- Very small and light
- passive touch-screen
- 802.11 a/b/g wireless
- Small keyboard and screen
- moderate battery life with the standard 3-cell unit
Fujitsu Siemens is a Tablet PC specialist, producing both slate-style devices like the Stylistic ST5022 and convertibles such as the LifeBook T4010C. The company 's latest offering is a diminutive convertible system that in clamshell mode rivals Toshiba’s Libretto U100, while in Tablet PC mode is somewhat thicker that Motion Computing's slate-style LS800. At first glance at least, the P1510 has all the design panache we expect from Fujitsu Siemens.
The most notable aspect of the LifeBook P1510 is, of course, its size. Measuring just 23.2cm wide by 16.7cm deep by 3.4-3.7cm high, this notebook looks small even when placed against the smallest ultraportable: Fujitsu Siemens also claims that this 1kg system is the lightest convertible Tablet PC available.
As with all convertible Tablet PCs, the screen swivels on a central hinge to lay flat on the keyboard, display outermost. In this format the system is easy to hold in one hand while prodding at the near-A5-size screen with the other. The screen measures 8.9in. across the diagonal and has a native resolution of 1,024 by 600 pixels. The widescreen format cannot quite accommodate two documents at once when the LifeBook P1510 is used in clamshell mode, which is a pity.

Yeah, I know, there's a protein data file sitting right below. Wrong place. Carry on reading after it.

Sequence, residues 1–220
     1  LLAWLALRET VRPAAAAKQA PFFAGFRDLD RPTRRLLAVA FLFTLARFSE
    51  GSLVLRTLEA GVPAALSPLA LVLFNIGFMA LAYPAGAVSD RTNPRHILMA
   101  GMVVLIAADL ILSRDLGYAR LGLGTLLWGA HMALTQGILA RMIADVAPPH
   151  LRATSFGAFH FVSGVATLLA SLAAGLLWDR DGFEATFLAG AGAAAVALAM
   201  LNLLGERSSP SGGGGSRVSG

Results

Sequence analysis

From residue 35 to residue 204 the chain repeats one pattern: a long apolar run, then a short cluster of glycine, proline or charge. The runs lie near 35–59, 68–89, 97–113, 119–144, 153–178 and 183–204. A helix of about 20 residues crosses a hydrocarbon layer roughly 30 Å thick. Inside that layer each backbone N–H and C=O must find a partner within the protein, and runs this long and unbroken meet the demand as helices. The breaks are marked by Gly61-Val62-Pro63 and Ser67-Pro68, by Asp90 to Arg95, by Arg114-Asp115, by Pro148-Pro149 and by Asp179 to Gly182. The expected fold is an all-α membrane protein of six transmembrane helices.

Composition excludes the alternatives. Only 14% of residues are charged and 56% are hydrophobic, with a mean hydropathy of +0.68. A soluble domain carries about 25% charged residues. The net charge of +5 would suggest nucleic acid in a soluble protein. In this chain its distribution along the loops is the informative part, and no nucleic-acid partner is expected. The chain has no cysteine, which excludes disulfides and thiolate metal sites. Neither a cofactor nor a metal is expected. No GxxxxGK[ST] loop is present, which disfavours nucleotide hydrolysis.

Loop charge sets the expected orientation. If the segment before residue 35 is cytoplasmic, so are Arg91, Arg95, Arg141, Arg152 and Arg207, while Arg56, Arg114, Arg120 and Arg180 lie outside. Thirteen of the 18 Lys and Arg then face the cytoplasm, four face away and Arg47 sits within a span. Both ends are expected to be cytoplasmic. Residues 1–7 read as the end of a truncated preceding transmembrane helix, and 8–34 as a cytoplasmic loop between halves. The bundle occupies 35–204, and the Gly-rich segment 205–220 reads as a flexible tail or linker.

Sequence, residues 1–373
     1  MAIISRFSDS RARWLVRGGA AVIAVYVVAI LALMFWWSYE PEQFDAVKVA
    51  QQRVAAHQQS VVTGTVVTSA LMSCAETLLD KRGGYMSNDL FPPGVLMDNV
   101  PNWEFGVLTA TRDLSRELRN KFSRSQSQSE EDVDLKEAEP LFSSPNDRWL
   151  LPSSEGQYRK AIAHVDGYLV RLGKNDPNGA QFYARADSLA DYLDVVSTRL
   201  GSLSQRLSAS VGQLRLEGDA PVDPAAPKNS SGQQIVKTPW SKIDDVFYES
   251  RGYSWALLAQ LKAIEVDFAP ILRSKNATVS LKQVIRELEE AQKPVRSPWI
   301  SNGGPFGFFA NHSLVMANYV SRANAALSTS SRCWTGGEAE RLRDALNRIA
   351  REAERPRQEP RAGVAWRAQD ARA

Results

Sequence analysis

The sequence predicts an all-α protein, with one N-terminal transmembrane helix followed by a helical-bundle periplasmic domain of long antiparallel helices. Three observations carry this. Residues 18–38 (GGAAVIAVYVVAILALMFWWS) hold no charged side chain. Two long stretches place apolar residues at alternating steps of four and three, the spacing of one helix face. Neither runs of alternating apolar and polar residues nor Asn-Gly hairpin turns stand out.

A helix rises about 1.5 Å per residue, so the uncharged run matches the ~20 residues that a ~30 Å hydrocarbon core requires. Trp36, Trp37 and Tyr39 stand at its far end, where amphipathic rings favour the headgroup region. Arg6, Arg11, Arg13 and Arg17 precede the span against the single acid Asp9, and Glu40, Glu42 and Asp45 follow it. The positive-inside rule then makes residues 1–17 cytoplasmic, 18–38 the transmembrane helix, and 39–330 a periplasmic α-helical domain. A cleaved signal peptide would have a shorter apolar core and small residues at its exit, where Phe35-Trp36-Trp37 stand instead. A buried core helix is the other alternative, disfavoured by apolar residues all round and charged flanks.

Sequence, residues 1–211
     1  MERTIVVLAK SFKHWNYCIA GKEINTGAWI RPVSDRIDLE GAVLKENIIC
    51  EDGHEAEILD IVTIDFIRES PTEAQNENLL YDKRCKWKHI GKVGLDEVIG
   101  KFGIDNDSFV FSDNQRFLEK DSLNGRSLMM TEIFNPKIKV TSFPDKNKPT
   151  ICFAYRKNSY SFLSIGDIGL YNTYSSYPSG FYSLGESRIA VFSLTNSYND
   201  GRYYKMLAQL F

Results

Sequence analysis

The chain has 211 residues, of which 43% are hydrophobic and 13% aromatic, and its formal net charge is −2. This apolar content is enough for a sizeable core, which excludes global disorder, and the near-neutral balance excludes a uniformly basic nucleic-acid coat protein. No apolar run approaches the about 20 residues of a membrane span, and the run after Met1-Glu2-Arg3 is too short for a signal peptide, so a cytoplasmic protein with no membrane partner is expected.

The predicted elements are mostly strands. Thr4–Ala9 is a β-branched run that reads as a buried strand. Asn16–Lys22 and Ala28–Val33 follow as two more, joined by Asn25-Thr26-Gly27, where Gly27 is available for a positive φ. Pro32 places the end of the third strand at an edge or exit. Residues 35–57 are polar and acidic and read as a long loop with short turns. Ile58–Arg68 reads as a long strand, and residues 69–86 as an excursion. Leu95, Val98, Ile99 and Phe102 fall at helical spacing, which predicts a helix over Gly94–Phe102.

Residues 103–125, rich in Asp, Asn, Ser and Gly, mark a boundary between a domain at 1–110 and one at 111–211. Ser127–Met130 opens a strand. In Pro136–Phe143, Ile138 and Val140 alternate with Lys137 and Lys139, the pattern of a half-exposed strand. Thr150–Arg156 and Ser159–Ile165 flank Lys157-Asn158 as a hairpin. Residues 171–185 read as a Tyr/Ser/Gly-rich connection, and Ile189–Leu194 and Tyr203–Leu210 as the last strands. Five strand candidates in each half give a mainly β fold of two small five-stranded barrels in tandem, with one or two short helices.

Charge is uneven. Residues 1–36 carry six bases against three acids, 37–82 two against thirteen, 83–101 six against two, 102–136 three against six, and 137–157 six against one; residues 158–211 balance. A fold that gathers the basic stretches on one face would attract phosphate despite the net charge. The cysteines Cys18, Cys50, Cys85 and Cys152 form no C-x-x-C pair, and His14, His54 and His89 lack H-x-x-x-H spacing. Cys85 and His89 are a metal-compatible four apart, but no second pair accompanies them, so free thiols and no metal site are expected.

If the keyboard were any smaller we’d have to pronounce it unusable for touch-typing, but we found it just about OK. The QWERTY and number keys are 15mm wide and 13mm high, while the function keys slightly smaller; the whole keyboard uses as much of the available width as possible.
People with large hands may find the keyboard just a bit too small for comfort. We found it took a little while to achieve precision with the trackpoint positioned between the G, H and B keys and the three mouse buttons beneath the keyboard, but the arrangement felt comfortable enough after a little practice.
Unlike the majority of Tablet PCs, the LifeBook P1510 uses a passive touch-sensitive screen that can be activated by any hard object -- a fingernail, for example -- and not just the provided stylus. There is a stylus, of course, which lives in a spring-loaded compartment on the front right-hand edge of the system (when viewed in clamshell mode).